Assignment 5, Part 1: MSD difference tracking and microscope stability
This is Part 1 of Assignment 5.
Overview
In the last assignment, you made movies of particles as theyjitterbugged and waltzed through your microscope's field of view. You developed code to track each particle's unique steps, and you computed each particle's mean squared displacement (MSD), diffusion coefficient, and the implied viscosity of the solutions the particles were suspended in. In this assignment, you'll be tracking particles again. But this time the particles are inside of cells. The cells have been cultured with 0.84 μm fluorescent microspheres, which enter the cells through the process of endocytosis. They are the same kind of cells you took pretty pictures of in assignment 3 (NIH 3T3). Trapped inside of the cells, the particles inside of cells will appear to be stationary to your naked eye. But they are definitely moving — albeit on a scale much smaller than the particles in glycerin solutions you measured previously.
How do we know whether our microscope is even capable of measuring such small motions? Could we only be measuring artifacts (like vibrations of the microscope, or drifting of the stage)?
By measuring the MSD of particles that have been glued down to a slide, we can actually diagnose what types of noise sources are contributing to our measurement, and thus what is the actual smallest motion (not due to noise) that we can measure. Some noise sources (like shot noise) are unavoidable, but others, (like mechanical vibrations and drift) we may be able to correct for.
MSD of sum and difference trajectories
When assessing the stability of one's microscope, it is helpful to look at the mean squared displacements (MSDs) of sum trajectories compared to those of difference trajectories.
Given two trajectories $ r_A $ and $ r_B $, the sum trajectory is given by $ r_A(t) + r_B(t) \over \sqrt 2 $, while the difference trajectory is given by $ r_A(t)  r_B(t) \over \sqrt 2 $
Here, we consider trajectory A, with its independent displacement $ \epsilon_A $, and trajectory B, with its independent displacement $ \epsilon_B $. Since these two trajectories come from particles that are glued well to the same slide (the slide you used for your stability measurements), they share the same mechanical noise that comes from vibrations and movements of the microscope stage. We will denote this mechanical noise as $ \epsilon_M $. Thus, the total error, or calculated displacement, from trajectory A would be $ \epsilon_A + \epsilon_M $, while that of trajectory B would similarly be $ \epsilon_B + \epsilon_M $. Note that we define displacement as the change in position over a time interval $ \tau $, as when we are calculating the MSD $ \left \langle {\left  r(t+\tau)r(t) \right \vert}^2 \right \rangle $ . With this in mind, we can show that the difference between the two types of MSDs turns out to be two times the square of the mechanical noise as demonstrated below.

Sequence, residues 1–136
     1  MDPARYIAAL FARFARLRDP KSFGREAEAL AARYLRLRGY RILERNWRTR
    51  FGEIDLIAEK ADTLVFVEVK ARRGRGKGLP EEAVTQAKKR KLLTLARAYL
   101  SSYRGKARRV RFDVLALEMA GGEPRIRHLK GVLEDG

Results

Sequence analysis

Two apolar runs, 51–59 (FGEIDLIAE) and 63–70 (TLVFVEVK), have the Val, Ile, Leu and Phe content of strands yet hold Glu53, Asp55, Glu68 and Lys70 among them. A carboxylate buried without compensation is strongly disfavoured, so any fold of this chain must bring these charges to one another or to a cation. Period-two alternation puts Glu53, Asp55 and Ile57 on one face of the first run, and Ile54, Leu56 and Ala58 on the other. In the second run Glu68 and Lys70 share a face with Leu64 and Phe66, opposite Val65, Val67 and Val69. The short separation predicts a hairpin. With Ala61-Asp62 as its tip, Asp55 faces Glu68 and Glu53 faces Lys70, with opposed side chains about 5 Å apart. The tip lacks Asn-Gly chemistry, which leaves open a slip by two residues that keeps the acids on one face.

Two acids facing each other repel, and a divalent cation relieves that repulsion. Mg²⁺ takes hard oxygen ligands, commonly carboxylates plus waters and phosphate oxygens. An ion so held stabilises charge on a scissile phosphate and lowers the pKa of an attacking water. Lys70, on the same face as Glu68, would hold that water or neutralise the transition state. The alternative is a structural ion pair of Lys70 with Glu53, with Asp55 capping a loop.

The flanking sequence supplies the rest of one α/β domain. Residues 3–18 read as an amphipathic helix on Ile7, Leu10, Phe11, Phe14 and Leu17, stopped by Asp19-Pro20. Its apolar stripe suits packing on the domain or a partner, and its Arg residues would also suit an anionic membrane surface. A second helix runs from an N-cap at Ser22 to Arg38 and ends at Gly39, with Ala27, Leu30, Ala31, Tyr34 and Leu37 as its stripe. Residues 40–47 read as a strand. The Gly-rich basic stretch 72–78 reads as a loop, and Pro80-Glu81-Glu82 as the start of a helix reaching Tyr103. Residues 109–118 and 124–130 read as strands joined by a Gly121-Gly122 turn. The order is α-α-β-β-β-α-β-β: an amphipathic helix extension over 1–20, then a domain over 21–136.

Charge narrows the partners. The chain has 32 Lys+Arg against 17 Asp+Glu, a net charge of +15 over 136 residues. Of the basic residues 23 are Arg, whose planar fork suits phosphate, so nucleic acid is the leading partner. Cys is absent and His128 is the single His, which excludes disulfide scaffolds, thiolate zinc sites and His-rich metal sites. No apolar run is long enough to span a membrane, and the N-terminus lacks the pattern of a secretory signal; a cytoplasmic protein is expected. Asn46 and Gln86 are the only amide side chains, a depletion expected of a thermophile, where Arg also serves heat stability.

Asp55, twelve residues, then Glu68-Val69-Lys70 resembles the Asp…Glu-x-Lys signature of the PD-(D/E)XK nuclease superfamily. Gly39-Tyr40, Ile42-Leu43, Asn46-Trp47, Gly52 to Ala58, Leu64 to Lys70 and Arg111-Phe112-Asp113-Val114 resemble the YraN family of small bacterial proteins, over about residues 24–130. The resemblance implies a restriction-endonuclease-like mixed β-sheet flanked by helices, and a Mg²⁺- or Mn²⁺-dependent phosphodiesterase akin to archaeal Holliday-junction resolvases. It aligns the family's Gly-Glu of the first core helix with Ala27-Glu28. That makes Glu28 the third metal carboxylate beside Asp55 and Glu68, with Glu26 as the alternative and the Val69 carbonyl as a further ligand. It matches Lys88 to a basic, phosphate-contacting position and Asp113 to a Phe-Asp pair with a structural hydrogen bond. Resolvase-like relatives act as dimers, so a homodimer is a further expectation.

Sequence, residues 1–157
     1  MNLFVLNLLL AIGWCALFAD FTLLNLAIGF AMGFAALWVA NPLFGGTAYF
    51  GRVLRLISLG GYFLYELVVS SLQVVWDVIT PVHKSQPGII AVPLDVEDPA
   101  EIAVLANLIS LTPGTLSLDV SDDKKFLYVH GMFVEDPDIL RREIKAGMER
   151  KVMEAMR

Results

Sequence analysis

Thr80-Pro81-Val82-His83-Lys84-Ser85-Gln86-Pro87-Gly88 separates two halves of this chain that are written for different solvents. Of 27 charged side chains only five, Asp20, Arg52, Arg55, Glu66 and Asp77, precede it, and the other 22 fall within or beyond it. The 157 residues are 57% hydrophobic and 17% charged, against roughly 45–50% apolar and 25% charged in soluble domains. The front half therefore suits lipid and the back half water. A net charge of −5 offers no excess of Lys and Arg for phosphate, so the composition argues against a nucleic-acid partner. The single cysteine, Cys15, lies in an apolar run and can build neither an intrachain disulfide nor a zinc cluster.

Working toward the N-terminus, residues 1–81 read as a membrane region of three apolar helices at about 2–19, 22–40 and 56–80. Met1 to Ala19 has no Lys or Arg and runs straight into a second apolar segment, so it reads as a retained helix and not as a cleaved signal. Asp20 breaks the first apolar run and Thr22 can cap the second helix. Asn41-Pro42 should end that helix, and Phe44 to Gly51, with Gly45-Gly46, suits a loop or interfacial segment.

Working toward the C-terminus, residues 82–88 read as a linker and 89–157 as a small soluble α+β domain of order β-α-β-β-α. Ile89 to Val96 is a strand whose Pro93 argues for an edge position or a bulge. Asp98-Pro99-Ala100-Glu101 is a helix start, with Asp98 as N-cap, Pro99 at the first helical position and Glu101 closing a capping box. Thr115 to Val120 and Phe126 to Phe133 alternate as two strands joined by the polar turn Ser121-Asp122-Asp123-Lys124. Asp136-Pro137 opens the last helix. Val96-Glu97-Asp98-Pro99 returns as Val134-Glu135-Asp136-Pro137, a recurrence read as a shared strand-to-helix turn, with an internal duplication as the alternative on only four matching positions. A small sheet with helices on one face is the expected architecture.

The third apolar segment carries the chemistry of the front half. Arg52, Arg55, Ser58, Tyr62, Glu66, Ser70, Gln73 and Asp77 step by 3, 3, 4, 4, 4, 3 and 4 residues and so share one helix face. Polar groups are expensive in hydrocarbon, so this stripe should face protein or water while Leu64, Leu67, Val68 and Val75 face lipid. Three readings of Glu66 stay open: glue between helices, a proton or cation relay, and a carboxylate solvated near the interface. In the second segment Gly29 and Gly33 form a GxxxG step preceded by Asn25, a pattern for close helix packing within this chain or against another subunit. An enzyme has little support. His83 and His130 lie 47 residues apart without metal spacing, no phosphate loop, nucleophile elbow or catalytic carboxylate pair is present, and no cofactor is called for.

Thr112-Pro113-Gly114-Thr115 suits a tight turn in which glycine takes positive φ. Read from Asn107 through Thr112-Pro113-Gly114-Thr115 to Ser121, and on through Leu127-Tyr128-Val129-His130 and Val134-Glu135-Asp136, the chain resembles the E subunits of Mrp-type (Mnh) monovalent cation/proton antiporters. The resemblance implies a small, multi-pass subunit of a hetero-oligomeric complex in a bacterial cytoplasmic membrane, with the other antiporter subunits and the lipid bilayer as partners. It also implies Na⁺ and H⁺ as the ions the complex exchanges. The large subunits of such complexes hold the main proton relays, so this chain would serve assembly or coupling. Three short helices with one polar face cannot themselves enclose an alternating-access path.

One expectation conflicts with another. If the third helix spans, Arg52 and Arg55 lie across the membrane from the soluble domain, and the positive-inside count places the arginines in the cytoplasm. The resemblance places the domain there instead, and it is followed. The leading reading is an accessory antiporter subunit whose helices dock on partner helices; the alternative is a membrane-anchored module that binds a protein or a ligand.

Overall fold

As you can see, measuring the MSD of the difference trajectories for two particles completely cancels out the mechanical noise. We can use the sum trajectories for two particles to diagnose the amount of mechanical noise initially present in your system: the difference between the MSDs of sum and difference trajectories is equal to (twice) the mechanical noise.
Develop sum and difference trajectory code
Modify your code from Assignment 4 to be able to track the sum and difference trajectories of particles in a movie.
Steve actually generously shared his code with you!
function [ DifferenceTrajectories, SumTrajectories ] = CalculateSumAndDifferenceTrajectories( Trajectories ) numberOfParticles = max( Trajectories(:,4) ); allCombinations = nchoosek( 1:numberOfParticles, 2 ); numberOfCombinations = size( allCombinations, 1 ); SumTrajectories = cell( numberOfCombinations, 1 ); DifferenceTrajectories = cell( numberOfCombinations, 1 ); virtualParticleNumber = 1; for ii = 1:numberOfCombinations firstParticleIndex = allCombinations( ii, 1 ); secondParticleIndex = allCombinations( ii, 2 ); firstTrajectory = Trajectories( Trajectories(:, 4) == firstParticleIndex, : ); secondTrajectory = Trajectories( Trajectories(:, 4) == secondParticleIndex, : ); framesInCommon = intersect( firstTrajectory(:, 3), secondTrajectory(:, 3 ) ); if( ~isempty( framesInCommon ) ) firstTrajectory = firstTrajectory(ismember(firstTrajectory(:, 3 ), framesInCommon), :); secondTrajectory = secondTrajectory(ismember(secondTrajectory(:, 3 ), framesInCommon), :); thisDifference = (firstTrajectory  secondTrajectory)/sqrt(2); thisDifference(:,3) = framesInCommon'; thisDifference(:,4) = virtualParticleNumber; DifferenceTrajectories{ii} = thisDifference; thisSum = (firstTrajectory + secondTrajectory)/sqrt(2); thisSum(:,3) = framesInCommon'; thisSum(:,4) = virtualParticleNumber; SumTrajectories{ii} = thisSum; virtualParticleNumber = virtualParticleNumber + 1; end end DifferenceTrajectories = vertcat( DifferenceTrajectories{:} ); SumTrajectories = vertcat( SumTrajectories{:} ); end